Always Outnumbered, Never Outgunned: Half Outside The Comfort Zone Dept.

I've always chosen projects that lay at least half outside my comfort zone.

Some notes on Always Outnumbered Never Outgunned, specifically. I'm now around halfway through the project, assuming we have a 250K word length. For perspective, that's the same word length I originally projected for Flight of the Vajra, but I blew that out by 100K, so my word on how long this thing gets will be worth exactly what you paid for it.

Last night I was talking with a friend about why this book has turned into such an effort. It's ironic that it has, because it was originally supposed to be a fast-moving escape hatch from another project that was threatening to become morose and somber and, well, dull. This isn't to say AONO has become any of those things — it does move fast and strike hard, but getting it to accomplish such goals has been excruciatingly tough.

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Tags: Always Outnumbered Never Outgunned creativity Flight of the Vajra writing

Always Outnumbered, Never Outgunned: Inspired By A True Story Dept.

On finding the real source of inspiration inside someone else's work.

In trying to describe Always Outnumbered, Never Outgunned to friends, I've sometimes fallen back on the old "X plus Y" trick so common to those pitching a project to a prospective reader, producer, editor, or other authority. In my case, I cited three major sources of inspiration for the project: Martin Scorsese's GoodFellas, James Cameron/Kathryn Bigelow's Strange Daysand Alejandro Jodorowsky's The Holy Mountain. No, really.

This in turn provoked another discussion: what I mean when I say something took inspiration from something else, as I've developed my own take on it over time.

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Tags: Always Outnumbered Never Outgunned creativity inspiration writing

Always Outnumbered, Never Outgunned: Tear Along The Dotted Line Dept.

In stories, things fall apart; that's why they're interesting.

All that reading of John Cage and drawing from the Oblique Strategies must be paying off. Earlier this week, while working on Always Outnumbered, Never OutgunnedI ran into a wall — or rather, what only looked like a wall. Every obstacle is actually an opportunity, and all that.

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Tags: Always Outnumbered Never Outgunned John Cage writers writing

Welcome to the Fold: Out From The Fold Dept.

Where'd "Welcome to the Fold" go? It's right here, waiting.

I haven't talked much about my previous novel, Welcome to the Foldconspicuous in its absence of detail. The reason for that is simple: over the last couple of months I've been seeking representation for it. So far, no dice, but I'm giving it a full calendar year to see if anyone shows interest. If not, I'll fall back to plan B and release it myself, so you might see it sometime in '17 if it comes to that.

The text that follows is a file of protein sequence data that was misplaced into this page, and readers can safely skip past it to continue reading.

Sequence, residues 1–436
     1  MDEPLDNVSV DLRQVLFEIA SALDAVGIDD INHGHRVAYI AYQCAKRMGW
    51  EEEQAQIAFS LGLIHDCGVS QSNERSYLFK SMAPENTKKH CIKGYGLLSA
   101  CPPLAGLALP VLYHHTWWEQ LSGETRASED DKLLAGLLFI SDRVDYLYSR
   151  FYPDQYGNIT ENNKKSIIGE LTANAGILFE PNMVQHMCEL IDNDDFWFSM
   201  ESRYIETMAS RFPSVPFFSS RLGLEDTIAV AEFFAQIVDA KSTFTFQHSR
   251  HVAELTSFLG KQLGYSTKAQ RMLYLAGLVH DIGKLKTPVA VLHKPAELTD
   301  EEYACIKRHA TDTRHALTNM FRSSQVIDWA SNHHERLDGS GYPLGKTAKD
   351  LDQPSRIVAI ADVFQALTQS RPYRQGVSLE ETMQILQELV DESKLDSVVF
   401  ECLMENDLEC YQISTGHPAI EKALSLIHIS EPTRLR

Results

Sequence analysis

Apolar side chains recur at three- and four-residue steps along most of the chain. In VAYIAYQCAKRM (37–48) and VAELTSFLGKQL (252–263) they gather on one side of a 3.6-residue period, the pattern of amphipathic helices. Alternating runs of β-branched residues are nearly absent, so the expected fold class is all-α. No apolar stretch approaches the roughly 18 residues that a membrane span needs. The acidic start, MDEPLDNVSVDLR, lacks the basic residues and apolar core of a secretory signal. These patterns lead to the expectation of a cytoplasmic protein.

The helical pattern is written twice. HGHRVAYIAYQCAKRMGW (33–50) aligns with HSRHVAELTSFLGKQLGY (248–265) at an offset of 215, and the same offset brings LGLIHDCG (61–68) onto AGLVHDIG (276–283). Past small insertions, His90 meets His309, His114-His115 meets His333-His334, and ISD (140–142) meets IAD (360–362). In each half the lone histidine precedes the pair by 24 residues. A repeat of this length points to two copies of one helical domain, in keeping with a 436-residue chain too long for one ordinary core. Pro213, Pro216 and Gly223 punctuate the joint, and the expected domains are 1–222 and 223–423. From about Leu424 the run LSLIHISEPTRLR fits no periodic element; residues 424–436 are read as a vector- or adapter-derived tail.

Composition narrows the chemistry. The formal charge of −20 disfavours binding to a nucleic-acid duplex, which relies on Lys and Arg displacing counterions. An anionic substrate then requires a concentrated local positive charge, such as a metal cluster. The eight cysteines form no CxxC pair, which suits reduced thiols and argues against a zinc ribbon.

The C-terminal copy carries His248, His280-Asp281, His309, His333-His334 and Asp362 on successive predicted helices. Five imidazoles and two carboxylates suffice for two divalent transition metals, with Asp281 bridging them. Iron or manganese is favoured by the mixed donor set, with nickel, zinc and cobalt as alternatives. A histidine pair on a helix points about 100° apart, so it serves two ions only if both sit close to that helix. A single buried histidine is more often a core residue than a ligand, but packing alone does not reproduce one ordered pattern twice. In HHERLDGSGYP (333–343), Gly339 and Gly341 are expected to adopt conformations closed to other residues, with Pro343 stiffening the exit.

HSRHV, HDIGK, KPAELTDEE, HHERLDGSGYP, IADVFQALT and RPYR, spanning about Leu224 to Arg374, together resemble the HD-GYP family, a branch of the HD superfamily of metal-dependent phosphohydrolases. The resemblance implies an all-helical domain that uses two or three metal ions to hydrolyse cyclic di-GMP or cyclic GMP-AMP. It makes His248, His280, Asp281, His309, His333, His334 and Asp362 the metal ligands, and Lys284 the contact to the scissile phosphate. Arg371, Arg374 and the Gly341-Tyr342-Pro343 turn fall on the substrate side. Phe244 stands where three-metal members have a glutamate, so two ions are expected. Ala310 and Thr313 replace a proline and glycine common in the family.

I may have mentioned this before in passing, but it's worth repeating here. I'm also holding off on a major reworking of the site (and an updating of the layout) until I switch publishing platforms, which ought to happen sometime next year.

Tags: agents projects publishing Welcome to the Fold writing

Always Outnumbered, Never Outgunned: Outliners And Outliers Dept.

The thirty thousand foot creative view.

This weekend I filled mostly with pounding out the third end-to-end outline for Always Outnumbered, Never Outgunned. And this time around, I cheated.

(Voices off: "It isn't cheating if it works!")

When you find yourself in a hole, stop digging. When you're stuck in a mud puddle, on ice, or a pile of wet leaves, stop spinning your tires. After two and a half outline drafts, I was stuck'r than ev'r, like someone trying to solve a jigsaw puzzle by throwing the pieces into a blender. 

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Tags: creativity creators writers writing

Flight of the Vajra: 'Flight of the Vajra' Is In The Running In The Nerdist's Space Opera Competition At Inkshares!

ATTENTION READERS/FANS OF MY WRITING AND MOST EVERYONE ELSE TO BOOT: I need your help! I have just submitted my far-future SF fantasia Flight of the Vajra to The Nerdist's new Space Opera competition over at Inkshares: Here are...


I need your help!

I have just submitted my far-future SF fantasia Flight of the Vajra to The Nerdist's new Space Opera competition over at Inkshares:

Here are the details about the competition:…/nerdist-space-opera-contest

What do you need to do?

Simple. Pre-order the book. ($10 at the lowest tier.)

If you've considered buying a copy of this previously, but held off for whatever reason, this is just the excuse you need!

The more pre-orders I score by March 15, 2016, the greater my odds of winning. Winning means I get my book distributed by the Nerdist in their collection, and there may be "an opportunity to co-develop your work into other media such as movies, TV series, and digital productions."

If you can't spare the money to pre-order, at least do me the justice of adding yourself as a reader. The site's easy to set up membership with; you can log in via Facebook or Twitter.

Spread the word, share the links. Help me make this happen!